Scottish Government unveils its energy big picture

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Community Energy Scotland welcomes two new outlines of the Scottish Government's plans to cut carbon emissions and improve energy resilience.

The Draft Climate Change Plan was published on January 19th and the linked draft Scottish Energy Strategy on January 24th.

The Climate Change Plan proposes a new target of 1GW of electricity generation in local or community ownership by 2020. The Holyrood administration commits to extending the Low Carbon Infrastructure Transition Programme (LCITP) and the Community and Renewable Energy Scheme (CARES), both of which help CES members to install and successfully operate energy projects.

In transport, the Plan declares ongoing interest in low-carbon energy for ferries – in which CES's Surf 'n' Turf project in Orkney plays a key starter role. By 2032, 30% of ferries in Scotland are to be low emission. Road transport, it is proposed, will continue to move away from fossil fuels. Half of buses are to be low emission vehicles by 2032; 40% of new registrations for cars and light vans are to be ultra low emission vehicles by the same year. (ULEV vehicles are often plug-in electric.)

In agriculture, the Plan signals strong support for anaerobic digestion of farm waste – including encouragement for local co-operatives to achieve efficiency through scale.

For housing energy efficiency, the Plan outlines arguably quite timid proposals for insulation uptake by 2020 (such as 10% more homes to have adequate loft insulation) but sets a long term goal of all buildings to be near zero carbon by 2050. There is commitment to smart meters, as part of the UK roll-out.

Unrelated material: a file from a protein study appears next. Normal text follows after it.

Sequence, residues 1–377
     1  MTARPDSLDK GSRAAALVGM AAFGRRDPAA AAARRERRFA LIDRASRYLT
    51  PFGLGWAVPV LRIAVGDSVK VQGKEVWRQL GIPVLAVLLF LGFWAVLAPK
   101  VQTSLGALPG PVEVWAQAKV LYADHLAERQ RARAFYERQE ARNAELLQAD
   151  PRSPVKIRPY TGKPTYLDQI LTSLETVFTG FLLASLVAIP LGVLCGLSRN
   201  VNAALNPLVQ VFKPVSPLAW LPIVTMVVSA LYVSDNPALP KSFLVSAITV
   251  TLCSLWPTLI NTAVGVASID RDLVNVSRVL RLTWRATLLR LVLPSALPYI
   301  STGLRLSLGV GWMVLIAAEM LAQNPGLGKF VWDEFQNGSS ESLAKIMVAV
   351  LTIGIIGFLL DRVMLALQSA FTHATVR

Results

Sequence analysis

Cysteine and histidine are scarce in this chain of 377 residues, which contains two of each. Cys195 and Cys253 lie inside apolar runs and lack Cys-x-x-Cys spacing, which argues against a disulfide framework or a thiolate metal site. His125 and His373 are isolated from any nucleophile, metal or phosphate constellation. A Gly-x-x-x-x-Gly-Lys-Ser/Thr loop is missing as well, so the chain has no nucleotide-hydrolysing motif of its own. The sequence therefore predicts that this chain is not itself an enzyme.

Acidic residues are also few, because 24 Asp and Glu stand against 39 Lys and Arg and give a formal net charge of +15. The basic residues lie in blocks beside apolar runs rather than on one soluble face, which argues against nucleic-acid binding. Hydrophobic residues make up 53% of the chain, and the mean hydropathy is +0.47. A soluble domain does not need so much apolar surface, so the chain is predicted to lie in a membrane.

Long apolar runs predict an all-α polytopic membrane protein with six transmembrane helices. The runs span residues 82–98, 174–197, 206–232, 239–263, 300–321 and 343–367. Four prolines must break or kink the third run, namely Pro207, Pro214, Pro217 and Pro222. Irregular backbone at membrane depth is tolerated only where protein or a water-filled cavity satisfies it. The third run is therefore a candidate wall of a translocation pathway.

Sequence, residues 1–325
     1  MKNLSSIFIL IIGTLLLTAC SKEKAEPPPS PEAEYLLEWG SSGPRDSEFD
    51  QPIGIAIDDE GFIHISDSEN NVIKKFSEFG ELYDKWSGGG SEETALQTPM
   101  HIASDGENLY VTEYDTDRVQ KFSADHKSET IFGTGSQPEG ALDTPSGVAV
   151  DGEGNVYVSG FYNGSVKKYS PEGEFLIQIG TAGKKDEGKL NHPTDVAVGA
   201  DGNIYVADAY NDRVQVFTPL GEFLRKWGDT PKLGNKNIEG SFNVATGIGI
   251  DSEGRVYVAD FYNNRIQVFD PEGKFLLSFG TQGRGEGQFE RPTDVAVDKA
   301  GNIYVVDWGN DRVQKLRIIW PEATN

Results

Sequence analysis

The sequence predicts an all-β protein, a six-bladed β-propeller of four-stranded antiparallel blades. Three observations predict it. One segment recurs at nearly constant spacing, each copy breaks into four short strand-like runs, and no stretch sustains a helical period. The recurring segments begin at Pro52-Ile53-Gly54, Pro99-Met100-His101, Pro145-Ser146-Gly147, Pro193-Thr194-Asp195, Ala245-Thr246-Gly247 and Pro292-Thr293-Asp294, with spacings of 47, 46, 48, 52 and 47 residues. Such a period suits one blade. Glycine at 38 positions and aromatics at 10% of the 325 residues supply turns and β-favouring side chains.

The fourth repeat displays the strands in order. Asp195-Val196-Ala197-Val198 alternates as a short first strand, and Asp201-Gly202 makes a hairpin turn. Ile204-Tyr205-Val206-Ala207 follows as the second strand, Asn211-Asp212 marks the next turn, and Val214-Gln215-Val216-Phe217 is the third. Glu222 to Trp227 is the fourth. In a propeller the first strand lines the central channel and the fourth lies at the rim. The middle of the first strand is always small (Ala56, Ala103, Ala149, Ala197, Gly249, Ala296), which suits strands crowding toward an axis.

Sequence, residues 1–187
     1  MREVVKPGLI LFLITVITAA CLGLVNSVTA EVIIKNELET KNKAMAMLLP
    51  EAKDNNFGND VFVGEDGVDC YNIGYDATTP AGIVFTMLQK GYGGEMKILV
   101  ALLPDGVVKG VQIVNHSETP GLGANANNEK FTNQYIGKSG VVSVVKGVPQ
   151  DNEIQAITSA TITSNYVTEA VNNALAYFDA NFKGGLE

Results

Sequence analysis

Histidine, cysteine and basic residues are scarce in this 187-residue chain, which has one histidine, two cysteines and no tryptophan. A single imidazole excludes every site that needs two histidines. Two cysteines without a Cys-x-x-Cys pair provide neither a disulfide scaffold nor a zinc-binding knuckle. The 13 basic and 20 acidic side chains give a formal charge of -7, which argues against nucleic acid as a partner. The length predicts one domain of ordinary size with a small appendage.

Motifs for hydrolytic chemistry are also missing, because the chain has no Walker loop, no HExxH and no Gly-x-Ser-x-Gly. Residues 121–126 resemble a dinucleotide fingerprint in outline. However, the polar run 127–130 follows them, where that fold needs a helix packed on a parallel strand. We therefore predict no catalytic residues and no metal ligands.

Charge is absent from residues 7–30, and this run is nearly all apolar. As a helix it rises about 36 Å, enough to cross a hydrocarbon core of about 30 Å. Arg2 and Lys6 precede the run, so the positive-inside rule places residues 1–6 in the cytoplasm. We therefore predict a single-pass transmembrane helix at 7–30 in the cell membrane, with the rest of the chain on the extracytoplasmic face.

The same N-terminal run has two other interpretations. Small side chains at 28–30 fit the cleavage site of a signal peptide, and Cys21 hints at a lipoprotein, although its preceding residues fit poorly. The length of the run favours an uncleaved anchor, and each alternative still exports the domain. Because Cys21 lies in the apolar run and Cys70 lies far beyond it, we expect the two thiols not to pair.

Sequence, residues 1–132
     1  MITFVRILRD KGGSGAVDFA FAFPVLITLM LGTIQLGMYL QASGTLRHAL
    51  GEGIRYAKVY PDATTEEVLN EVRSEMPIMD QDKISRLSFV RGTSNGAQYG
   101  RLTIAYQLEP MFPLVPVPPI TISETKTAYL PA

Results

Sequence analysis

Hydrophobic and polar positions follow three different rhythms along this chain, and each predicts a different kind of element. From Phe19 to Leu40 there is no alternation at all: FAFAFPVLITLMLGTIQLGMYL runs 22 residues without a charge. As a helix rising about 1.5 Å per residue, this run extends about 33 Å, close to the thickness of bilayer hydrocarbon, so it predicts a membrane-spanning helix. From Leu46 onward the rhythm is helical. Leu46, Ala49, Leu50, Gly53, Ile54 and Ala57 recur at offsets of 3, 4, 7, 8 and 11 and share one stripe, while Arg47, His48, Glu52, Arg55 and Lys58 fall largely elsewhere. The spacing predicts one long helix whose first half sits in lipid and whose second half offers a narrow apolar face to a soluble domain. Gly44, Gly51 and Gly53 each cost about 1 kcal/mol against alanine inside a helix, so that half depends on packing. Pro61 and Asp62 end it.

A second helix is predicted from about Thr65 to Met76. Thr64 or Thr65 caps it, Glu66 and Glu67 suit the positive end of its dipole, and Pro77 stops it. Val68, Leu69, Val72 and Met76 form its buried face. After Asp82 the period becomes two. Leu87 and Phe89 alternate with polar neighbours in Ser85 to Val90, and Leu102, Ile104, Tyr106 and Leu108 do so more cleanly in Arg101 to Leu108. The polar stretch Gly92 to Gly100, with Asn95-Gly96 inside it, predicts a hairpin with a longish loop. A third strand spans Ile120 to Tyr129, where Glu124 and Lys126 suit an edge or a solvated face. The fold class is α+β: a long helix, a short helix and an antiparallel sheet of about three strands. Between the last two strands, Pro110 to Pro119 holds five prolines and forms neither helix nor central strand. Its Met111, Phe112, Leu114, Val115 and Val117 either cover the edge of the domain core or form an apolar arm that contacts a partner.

Nicholas Gubbins, CEO of CES said: “CES strongly welcomes the intention to move to a smarter and more localised energy system but it is vital that communities are fully engaged in this process. Community groups have expert knowledge of local circumstances and a second to none capability to engage with local consumers on how to benefit from the innovations in energy supply that are beginning to appear."

CES, in partnership with community groups, is deeply engaged in helping to drive such innovation. The draft Energy Strategy consultation – open until May 30th – recognises the value of several current CES projects in demonstrating ways to a low carbon future.

It discusses the need for community energy and local ownership to, "shift towards new models designed to be viable in a more difficult market."

The consultation asks for input on ways the Scottish government can rebalance the energy market. Possibilities include a government-owned energy company and Scottish renewable energy bonds.

CES will review the Energy Strategy in detail and canvas its members prior to responding to the consultation.

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Community Energy Scotland, Highlands and Islands Social Enterprise Zone, 67A Castle Street, Inverness IV2 3DU
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